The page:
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Moses for President





d-MinLead-CultureHow an overly politicized culture may affect our view of leadership

Would Moses have run for president? And if so, would anyone have voted for him? Instead of “choosing to run,” Moses would more likely have only served if convinced he was truly “chosen to lead” Israel. Even then, it would’ve been difficult. Unlike American politicians, instead of running for office, Moses would have been more likely to run away from it.

The most important consideration of Moses and the Oval Office for church leaders, however, is this: How does the roller-coaster world of U.S. presidential politics affect or infect our pure biblical view of leadership within the church? The fact remains, while our nation is embroiled in the search to elect a political leader to serve the nation, the church is still responsible to call upon godly ones to serve the church.

Consider how an overly politicized culture may affect our view of leadership:

“Campaigners” — This faulty mindset emerges whenever we see church roles as something we campaign for rather than something of which we’re called. Such an approach has no New Testament precedent. The escalated efforts and monies going into pushing one party’s agenda can create a view in our minds of the “leader as manipulator.” This undermines the role of the church in seriously acknowledging spiritual giftedness and calling.

“Pundits” — This view occurs when we focus on sharpening our criticisms of church leaders and their decisions more than on improving our collaborative and supportive skills. The 24/7 news talk show channels and the scathing adamant criticisms that abound can develop a view of the “leader as critic.” This counteracts the role of the church as a collaborative and authentic community.

“Partisans” — When we begin to view ourselves more as part of a particular spiritual “party” or hair-splitting theological group than as members of the body of Christ, we undermine the unity for which Christ prayed (John 17:22). This can develop a view of the leader as “the self-absorbed,” the antithesis of servant leadership.

Let’s face it. If Moses did run for office today, the media would probably devour him. Without the intervention of God, he would not survive a full week. Just think about it. Moses was ...

A murderer — Before he yielded himself to God’s hand, he tried to take his destiny into his own hands, killing an Egyptian and burying him in the sand. Most of us today would have said he had a record that disqualified him to lead.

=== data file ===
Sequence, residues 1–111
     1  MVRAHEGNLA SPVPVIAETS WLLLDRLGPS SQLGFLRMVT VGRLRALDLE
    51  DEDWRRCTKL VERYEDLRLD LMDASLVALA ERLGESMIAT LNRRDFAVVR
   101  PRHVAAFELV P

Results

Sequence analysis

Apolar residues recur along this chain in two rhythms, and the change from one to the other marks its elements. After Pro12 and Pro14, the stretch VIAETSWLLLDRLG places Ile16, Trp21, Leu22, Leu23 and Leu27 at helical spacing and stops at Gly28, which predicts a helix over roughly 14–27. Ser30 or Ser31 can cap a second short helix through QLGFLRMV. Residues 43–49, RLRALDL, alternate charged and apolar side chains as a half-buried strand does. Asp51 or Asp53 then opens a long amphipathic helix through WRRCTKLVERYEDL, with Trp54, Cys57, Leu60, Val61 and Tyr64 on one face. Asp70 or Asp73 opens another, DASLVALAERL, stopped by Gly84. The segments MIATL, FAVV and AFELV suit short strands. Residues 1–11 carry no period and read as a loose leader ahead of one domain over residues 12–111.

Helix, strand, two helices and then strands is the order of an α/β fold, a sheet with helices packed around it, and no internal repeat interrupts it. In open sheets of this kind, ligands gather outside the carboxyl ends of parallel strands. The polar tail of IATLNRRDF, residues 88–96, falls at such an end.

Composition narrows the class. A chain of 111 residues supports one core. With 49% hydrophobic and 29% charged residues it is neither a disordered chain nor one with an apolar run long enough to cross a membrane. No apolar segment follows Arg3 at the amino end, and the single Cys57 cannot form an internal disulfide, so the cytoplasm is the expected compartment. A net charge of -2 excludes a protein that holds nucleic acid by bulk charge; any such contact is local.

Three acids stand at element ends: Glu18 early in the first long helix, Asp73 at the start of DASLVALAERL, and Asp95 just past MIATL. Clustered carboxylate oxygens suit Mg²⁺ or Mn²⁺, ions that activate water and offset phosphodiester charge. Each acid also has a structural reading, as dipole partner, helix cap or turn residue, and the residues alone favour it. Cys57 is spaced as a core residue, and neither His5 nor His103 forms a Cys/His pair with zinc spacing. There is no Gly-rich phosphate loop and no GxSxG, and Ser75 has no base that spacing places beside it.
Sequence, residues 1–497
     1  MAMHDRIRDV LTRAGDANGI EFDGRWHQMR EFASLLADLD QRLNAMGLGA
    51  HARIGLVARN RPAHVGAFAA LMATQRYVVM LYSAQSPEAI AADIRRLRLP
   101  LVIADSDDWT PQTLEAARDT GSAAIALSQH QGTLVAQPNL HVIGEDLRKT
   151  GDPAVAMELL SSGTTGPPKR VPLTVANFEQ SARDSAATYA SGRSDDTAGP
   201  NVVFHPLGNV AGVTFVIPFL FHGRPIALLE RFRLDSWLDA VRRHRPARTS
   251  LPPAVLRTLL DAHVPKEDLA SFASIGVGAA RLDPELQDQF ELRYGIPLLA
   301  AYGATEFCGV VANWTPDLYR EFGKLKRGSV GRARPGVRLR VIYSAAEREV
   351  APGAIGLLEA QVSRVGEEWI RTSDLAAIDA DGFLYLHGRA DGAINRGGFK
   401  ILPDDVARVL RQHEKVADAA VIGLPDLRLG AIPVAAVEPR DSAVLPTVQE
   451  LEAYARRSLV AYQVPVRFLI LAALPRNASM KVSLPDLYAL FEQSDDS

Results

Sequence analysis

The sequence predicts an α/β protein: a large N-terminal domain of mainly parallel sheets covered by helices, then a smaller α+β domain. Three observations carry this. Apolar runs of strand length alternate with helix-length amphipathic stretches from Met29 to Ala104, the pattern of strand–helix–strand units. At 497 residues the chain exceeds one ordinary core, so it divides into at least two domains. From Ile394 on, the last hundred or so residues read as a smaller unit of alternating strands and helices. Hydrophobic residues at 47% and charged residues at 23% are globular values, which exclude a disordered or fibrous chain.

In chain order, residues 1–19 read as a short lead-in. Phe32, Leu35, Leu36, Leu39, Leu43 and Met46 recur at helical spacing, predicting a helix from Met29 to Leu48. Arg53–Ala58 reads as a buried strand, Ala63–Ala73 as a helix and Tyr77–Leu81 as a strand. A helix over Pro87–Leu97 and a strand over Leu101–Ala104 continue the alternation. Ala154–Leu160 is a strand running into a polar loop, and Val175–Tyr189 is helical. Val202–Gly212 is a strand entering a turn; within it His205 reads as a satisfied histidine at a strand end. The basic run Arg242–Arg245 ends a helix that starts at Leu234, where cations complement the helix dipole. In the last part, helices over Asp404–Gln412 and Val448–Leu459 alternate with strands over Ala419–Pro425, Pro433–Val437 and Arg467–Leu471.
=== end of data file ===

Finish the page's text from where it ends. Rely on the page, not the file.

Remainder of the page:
A fugitive — When things got too hot to handle in Egypt, Moses made his way to the backside of the desert and developed a quiet and secluded life. Many would have pointed the finger at his inadequacy for leadership, saying that he shunned his responsibilities.

An inarticulate stutterer — When called by God to a leadership mission, Moses recoiled over thoughts of all the awkward stump speeches it would require. His critics would’ve said he wasn’t talented, articulate or charismatic enough. Sound familiar?

Nonetheless, with all of his shortcomings, Moses remains the preeminent model of leadership in the Old Testament. But his renown is not relegated there alone.

Moses is referenced more than 80 times in the New Testament and given honorable mention in Hebrews 11 as a leader who led by faith: “By faith Moses’ parents hid him for three months after he was born, because they saw he was no ordinary child, and they were not afraid of the king’s edict. By faith Moses, when he had grown up, refused to be known as the son of Pharaoh’s daughter. He chose to be mistreated along with the people of God rather than to enjoy the pleasures of sin for a short time (vv. 23-24, NIV, emphasis added).”

Now that’s the kind of leader we would vote for.


Robert Crosby is an author, speaker and team development specialist. He serves as professor of practical theology at Southeastern University and is a columnist at Patheos.com. Crosby writes for Christianity Today and several other publications. His new book, The Teaming Church: Ministry in the Age of Collaboration, is slated to release this fall.

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